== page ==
NEW YORK (MainStreet) — The typical credit card balance transfer offers are now more generous, but consumers need to act swiftly to take advantage of them, according to a new CreditCards.com analysis.

Additional credit card companies are now offering promotional rates for at least 12 months with some extending it to even 18 months. The CreditCards.com survey of 100 popular credit cards' offers to new customers found several good reasons to comparison shop and act soon. Consumers should also be aware that fees vary widely among the issuers and most cards give consumers only 90 days or less to take advantage of the lowest rates.

Compared to the same survey in 2014, more cards or 38 of them offer a balance transfer promotional rate for at least 12 months compared to 33 cards last year. The number of cards with an offer lasting 15 months or more is also up, from 10 last year to 17 now.

“Timing is everything when it comes to balance transfers,” said Matt Schulz, CreditCards.com’s senior industry analyst. “It’s absolutely critical that you not wait to transfer your balance to your new card, but it’s even more important that you pay that whole balance off before the introductory period ends.”

Consumers need to take advantage of the lowest introductory rates now because if they wait to transfer the balance to a new card, they could miss out on the 0% deal altogether.

Even consumers who may not qualify for a 0% offer because their credit is not up to par should be able to lower their existing rate by a few percent, depending on the issuer, he said. You can call your issuer and use the offers you have received in the mail as leverage.

“You never quite know,” Schulz said. “Banks tend to tinker with these rates quite a bit. You can probably find some sort of a deal because the market is so competitive.”

Avoid making any late payments on the new card because the lower interest rate can be revoked by the issuer and consumers wind up in a tough situation again quickly, he said.

Consumers need to do their research on the fees for making a balance transfer. If you have a $5,000 credit card balance and you receive a 0% balance transfer offer with a 3% balance transfer fee and a 12-month 0% introductory APR, the total amount is $5,150.00. If you have the same balance and are paying an average or a 15% APR, the total amount is $5,415.48 or $265.48 more than the 0% balance transfer offer.

The survey also revealed that out of the 100 widely held cards that CreditCards.com examined, 85 allow balance transfers. Out of those cards, 44 are advertising limited-time balance transfer rate promotions with discounted interest rates. Nearly all of those 44 promotional offers include a 0% introductory purchase and balance transfer APRs for a set period of time, which are typically 12 to 15 months. An additional nine cards offer a 0% introductory rate on balance transfers but not purchases.

The typical balance transfer fee is 3%, although some charge a higher rate if consumers don't act quickly. CreditCards.com also found 10 no-fee balance transfer offers, but there's almost always a catch - just two offer discounted interest rates with one offering 0% and the other is 4.99%. The rest range of those offers range from 12.90% to 24.90%.

After the introductory period, the average balance transfer credit card charges an APR of 12.86%. The highest APR that CreditCards.com found was 26.99%, and the cardholder’s credit score is a significant factor.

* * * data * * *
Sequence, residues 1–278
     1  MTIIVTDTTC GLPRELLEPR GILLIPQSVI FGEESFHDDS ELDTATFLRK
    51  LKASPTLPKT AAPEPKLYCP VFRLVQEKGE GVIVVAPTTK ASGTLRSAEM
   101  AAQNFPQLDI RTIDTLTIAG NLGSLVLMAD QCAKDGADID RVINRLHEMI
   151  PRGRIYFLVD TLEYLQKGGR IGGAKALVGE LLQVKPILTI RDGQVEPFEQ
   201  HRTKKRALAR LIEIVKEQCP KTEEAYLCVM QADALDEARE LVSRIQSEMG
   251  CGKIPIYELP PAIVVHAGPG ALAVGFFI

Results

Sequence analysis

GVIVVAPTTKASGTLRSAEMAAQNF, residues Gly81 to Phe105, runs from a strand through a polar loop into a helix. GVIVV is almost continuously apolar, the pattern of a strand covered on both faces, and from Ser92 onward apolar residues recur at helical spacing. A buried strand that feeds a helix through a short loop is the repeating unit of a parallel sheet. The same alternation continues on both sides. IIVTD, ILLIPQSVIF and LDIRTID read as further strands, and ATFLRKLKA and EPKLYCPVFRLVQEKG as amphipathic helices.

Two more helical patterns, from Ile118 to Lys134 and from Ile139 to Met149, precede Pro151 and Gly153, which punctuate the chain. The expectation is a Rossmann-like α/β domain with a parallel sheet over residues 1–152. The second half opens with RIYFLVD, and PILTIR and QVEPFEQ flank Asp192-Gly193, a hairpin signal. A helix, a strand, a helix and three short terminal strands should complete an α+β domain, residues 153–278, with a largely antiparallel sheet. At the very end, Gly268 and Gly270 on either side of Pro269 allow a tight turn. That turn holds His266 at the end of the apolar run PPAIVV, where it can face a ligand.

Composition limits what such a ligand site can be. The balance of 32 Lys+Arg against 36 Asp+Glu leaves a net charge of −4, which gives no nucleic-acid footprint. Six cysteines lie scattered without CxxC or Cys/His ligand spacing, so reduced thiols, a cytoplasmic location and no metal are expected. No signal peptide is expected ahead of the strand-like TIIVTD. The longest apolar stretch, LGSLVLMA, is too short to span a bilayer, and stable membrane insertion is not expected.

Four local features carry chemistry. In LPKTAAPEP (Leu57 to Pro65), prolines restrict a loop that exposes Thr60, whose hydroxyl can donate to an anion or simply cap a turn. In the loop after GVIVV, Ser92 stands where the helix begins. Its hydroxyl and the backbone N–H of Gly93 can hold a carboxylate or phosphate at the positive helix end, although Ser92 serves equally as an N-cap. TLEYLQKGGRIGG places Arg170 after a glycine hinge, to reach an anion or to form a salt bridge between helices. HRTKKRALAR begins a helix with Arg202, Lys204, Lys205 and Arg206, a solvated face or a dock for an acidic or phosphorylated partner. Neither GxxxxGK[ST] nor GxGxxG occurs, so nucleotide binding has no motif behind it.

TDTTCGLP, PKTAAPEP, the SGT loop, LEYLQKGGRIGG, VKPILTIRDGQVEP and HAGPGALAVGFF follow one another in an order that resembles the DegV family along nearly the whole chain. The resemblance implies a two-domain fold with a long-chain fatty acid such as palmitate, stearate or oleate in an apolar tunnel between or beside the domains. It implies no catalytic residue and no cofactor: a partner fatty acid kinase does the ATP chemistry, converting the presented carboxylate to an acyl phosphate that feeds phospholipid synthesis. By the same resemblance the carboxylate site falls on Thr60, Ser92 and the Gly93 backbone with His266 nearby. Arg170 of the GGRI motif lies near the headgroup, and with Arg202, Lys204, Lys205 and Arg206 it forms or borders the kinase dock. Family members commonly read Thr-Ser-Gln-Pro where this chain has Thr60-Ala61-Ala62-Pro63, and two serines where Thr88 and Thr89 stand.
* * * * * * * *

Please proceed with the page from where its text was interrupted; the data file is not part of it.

“Since the offers can vary so widely, it’s critical to do your homework,” Schulz said.

The survey results are available here.

Opening another credit card can affect and hurt your credit profile, said Kevin Gallegos, vice president of the Phoenix operations for Freedom Financial Network, a company which helps consumers resolve debt issues.

Paying off the balance transfer on time is critical or you wind up with even more debt.

“If you do transfer a balance and can't pay it off, you end up adding more debt to the new or old card and are just digging a bigger hole,” he said. “Make a strong plan and commitment to pay off the debt in full before the promotional rate ends.”

After transferring a balance, consumers should be aware of their options when they are deciding what to do with the original account, said Bruce McClary, spokesman for the National Foundation for Credit Counseling, the Washington, D.C. non-profit group.

Closing an inactive credit card account can have a negative impact on a credit score. On the other hand, an inactive account that remains open may be susceptible to additional fees or fraudulent use if unmonitored, he said.

Examine the user agreement for a glimpse of the terms of the credit card and how it will function after the promotional terms expire.

“This is especially important when you are planning to keep the card as a replacement for a primary account,” McClary said. “If the long term picture includes high interest rates and costly fees, it is best to compare other offers for something more affordable.”

Transferring a balance may not be a good option for consumers who are already experiencing problems balancing their current budget or are dealing with other unresolved debt issues.

“The temporary relief of lower interest rates and affordable minimum payments on one account can become a long-term nightmare if an unpaid balance remains after the promotional period expires,” he said.

People having difficulty managing their credit card debt or mortgage should contact a financial counselor at an NFCC member agency for free advice at www.nfcc.org or by calling 800-388-2227.

--Written by Ellen Chang for MainStreet